I love bench time but I load on a progressive because I have a wife and family.... I can easily do [safely] in an hour, what a SS does in 4-5 hours.
 
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My mind began contemplation of a more efficient route after the first 5 hours of loading on a SS. Too bad the stupid internet wasn’t around to save me from the mistake(s) of a Lee Progressive. There were no “reviews” posted of people’s disgust. Anyway, if you are not retired and like to shoot a lot, a SS gets old in a hurry!
 

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My mind began contemplation of a more efficient route after the first 5 hours of loading on a SS. Too bad the stupid internet wasn’t around to save me from the mistake(s) of a Lee Progressive. There were no “reviews” posted of people’s disgust. Anyway, if you are not retired and like to shoot a lot, a SS gets old in a hurry!
Nitro, my story is similar to yours. Started on a Lee "turret" press bought at a garage sale. Thought I'd try my hand at reloading. Some RCBS .38spl dies came with the press. After about 50 rounds or less (and being a mechanical engineer) decided there just had to be a better way. Pre-internet. No google. Found a Lee vs Dillon article in one of the gun mags I subscribed to. Called Dillon and ordered a SDB. Didn't like the proprietary dies. As I added more calibers, moved up to a 550. Few years later and 2nd 550 (small/large primers :)). Few years late...650 w/case feeder. Ah....heaven. :)
 

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I wish I would have come across an article or two stating the true difference. All I looked at was price at the time. Without a doubt, one of the biggest mistakes I have made in my life!
 

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I wish I would have come across an article or two stating the true difference. All I looked at was price at the time. Without a doubt, one of the biggest mistakes I have made in my life!
About 15 years ago I decided to move to a progressive press. I decided to go with a Hornady LnL AP, partly due to the 1000 free bullets.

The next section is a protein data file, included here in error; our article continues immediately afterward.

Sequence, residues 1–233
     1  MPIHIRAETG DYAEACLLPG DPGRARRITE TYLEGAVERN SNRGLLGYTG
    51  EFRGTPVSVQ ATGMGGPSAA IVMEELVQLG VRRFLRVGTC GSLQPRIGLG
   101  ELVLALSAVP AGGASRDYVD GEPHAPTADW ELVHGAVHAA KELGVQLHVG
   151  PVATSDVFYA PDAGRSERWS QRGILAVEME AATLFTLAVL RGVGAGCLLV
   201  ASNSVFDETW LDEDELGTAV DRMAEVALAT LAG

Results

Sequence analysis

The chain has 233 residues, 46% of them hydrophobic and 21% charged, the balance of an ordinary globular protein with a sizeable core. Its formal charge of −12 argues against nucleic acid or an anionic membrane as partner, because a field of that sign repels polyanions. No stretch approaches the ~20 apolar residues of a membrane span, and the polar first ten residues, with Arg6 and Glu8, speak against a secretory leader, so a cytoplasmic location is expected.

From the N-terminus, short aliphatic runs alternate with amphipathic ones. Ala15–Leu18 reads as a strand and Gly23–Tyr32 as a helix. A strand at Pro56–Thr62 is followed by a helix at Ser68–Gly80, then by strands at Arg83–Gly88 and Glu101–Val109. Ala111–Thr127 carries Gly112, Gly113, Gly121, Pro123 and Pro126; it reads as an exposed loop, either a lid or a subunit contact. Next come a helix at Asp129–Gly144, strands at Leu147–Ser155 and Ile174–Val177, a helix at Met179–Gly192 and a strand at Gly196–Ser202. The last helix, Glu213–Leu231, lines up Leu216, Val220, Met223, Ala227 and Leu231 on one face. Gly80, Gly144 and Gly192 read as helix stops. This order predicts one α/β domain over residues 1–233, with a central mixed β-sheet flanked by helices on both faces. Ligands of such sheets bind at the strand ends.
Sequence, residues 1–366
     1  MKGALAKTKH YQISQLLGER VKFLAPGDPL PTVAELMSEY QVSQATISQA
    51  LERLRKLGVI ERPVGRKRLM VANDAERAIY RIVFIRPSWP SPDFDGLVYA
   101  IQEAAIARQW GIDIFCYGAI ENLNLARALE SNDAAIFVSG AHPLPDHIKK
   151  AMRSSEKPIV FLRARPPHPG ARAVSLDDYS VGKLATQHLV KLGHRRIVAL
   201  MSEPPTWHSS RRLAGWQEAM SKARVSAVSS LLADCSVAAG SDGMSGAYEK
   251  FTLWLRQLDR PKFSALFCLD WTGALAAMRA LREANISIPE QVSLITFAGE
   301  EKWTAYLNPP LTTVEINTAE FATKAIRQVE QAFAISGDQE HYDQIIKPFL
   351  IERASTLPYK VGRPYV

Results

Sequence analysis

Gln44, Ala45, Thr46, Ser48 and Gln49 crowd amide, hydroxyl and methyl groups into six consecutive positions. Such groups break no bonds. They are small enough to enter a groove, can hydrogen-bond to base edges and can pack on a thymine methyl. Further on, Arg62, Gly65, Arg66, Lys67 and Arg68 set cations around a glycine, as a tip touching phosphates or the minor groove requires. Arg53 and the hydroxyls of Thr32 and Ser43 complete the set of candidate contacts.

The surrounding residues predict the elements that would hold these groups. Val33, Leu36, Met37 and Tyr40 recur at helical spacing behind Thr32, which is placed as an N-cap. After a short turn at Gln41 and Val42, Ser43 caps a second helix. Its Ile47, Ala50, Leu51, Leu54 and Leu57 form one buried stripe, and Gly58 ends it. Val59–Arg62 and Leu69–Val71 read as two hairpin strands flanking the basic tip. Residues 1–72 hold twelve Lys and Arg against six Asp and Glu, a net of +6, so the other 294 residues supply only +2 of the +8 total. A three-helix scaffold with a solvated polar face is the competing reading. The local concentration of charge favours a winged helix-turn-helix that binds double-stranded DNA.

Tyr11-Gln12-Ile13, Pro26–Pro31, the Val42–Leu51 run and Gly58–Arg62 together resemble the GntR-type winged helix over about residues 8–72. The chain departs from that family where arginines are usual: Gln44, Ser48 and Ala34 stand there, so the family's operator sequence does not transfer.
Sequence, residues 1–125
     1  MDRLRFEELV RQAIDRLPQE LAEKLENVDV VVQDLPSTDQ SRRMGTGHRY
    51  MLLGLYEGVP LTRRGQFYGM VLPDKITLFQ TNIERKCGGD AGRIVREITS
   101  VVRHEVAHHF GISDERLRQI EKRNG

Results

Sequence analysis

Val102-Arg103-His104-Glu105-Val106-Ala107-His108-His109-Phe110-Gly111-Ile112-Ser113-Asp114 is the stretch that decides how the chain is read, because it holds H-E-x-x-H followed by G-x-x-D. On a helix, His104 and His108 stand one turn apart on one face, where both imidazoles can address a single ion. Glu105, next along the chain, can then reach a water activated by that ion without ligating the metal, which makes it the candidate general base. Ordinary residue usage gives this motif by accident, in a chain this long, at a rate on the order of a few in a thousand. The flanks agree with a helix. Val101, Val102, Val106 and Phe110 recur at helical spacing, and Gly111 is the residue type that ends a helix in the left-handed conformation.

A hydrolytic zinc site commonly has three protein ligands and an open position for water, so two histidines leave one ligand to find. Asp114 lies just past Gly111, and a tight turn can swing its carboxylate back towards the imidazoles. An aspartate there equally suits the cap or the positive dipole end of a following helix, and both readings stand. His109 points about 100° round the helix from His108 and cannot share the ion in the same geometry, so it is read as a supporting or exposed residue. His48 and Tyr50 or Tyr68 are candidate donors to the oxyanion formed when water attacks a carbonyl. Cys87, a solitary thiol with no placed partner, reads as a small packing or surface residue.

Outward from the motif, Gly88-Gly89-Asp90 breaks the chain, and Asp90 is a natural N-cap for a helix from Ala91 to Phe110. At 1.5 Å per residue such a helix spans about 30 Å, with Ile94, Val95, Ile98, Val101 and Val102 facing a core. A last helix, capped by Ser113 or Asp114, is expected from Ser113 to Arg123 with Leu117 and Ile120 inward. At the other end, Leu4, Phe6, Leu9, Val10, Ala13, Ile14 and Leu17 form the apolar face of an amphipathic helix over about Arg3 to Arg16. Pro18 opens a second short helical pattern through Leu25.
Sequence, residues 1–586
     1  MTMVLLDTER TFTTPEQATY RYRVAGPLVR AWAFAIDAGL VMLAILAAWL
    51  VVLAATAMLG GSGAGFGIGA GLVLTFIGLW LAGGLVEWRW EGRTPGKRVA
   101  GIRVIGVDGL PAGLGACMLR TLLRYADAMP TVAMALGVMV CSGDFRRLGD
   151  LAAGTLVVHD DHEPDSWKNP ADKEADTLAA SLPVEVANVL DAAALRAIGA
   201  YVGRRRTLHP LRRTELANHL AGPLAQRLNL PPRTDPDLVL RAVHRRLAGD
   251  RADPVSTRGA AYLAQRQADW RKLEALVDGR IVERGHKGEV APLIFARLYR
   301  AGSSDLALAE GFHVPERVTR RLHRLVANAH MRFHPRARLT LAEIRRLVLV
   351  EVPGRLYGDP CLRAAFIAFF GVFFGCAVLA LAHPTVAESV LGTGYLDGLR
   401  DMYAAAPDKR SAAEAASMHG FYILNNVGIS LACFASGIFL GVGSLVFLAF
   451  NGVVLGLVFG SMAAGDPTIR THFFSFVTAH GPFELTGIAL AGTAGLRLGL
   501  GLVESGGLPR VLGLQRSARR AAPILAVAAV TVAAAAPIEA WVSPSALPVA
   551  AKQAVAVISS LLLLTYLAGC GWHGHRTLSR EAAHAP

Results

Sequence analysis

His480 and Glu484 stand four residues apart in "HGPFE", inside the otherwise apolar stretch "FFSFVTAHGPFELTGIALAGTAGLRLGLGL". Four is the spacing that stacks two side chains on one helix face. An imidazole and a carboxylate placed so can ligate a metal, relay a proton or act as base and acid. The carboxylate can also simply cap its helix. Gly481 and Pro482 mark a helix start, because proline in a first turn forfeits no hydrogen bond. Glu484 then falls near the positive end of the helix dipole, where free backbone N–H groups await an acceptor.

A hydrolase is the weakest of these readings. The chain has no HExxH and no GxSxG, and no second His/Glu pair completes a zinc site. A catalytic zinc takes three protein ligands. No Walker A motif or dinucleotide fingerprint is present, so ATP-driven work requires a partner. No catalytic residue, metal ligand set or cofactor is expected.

I should have known better. I poured a lot of money down that big red hole and was never satisfied with the result.

In 2014 I was offered a 650, still in the box, for $200. My wife was against the purchase. I bought it anyway.

In 2015, after moving to Texas and getting settled in I decided to set that 650 up. Within 10 minutes of getting it mounted and running I knew I had made a HUGE mistake with the Hornady.

I sold the three Hornady LnL presses I had on hand. In 2018 I decided to part with an HK 91 I had bought in 1989 and hadn't shot in almost 25 years. I paid $430 for that HK 91. I sold it for $2700 and turned around and bought another complete 650.

Right now I'm happier than a fat kid at an all you can eat buffet. I've got two 650 systems running on the bench, a Star lube sizer to size my cast bullets, two RCBS Pro-Melt pots, over 100 molds, and everything else I need to cast and coat my own bullets and load them.

Now if primer prices would come back to earth I'd be in heaven.
 

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You’re set! The part I like the best though is:

😆 Love it!
I don’t even ask.......
She was standing there when Art offered it to me.
 

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Wow, did she smack you with her purse 💥?
My wife knows darn well I would go back and get it, but I’m not gonna flip her off right in front of the guy!😆😆
 

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So have I got this right? You folks are saying you load on a progressive because you don't trust yourself to load safe ammo on a single stag press? Sorry, I'm a little slow on the uptake at times. I thought we were talking about helping someone just starting out loading in this panic buying period to find equipment to load on.
Persons starting out loading pistol ammunition on a SS press is, IMHO, a waste of money because in no time they will realize they should have purchased a progressive. Match grade rifle ammo by all means SS.
 

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That’s the point.....yer gonna need one anyway, so you might as well start there......
Maybe. But if you aren't a decap first & wet tumble kind of guy, and don't load rifle, then starting with just a 550 or 750 will be A-OK.

I only started w/ a SS because I started collecting brass and decapping/cleaning about a year before I started reloading. Loaded 45acp on a 550 for 2 years (ish) before branching out to a Co-Ax and some rifle ammo....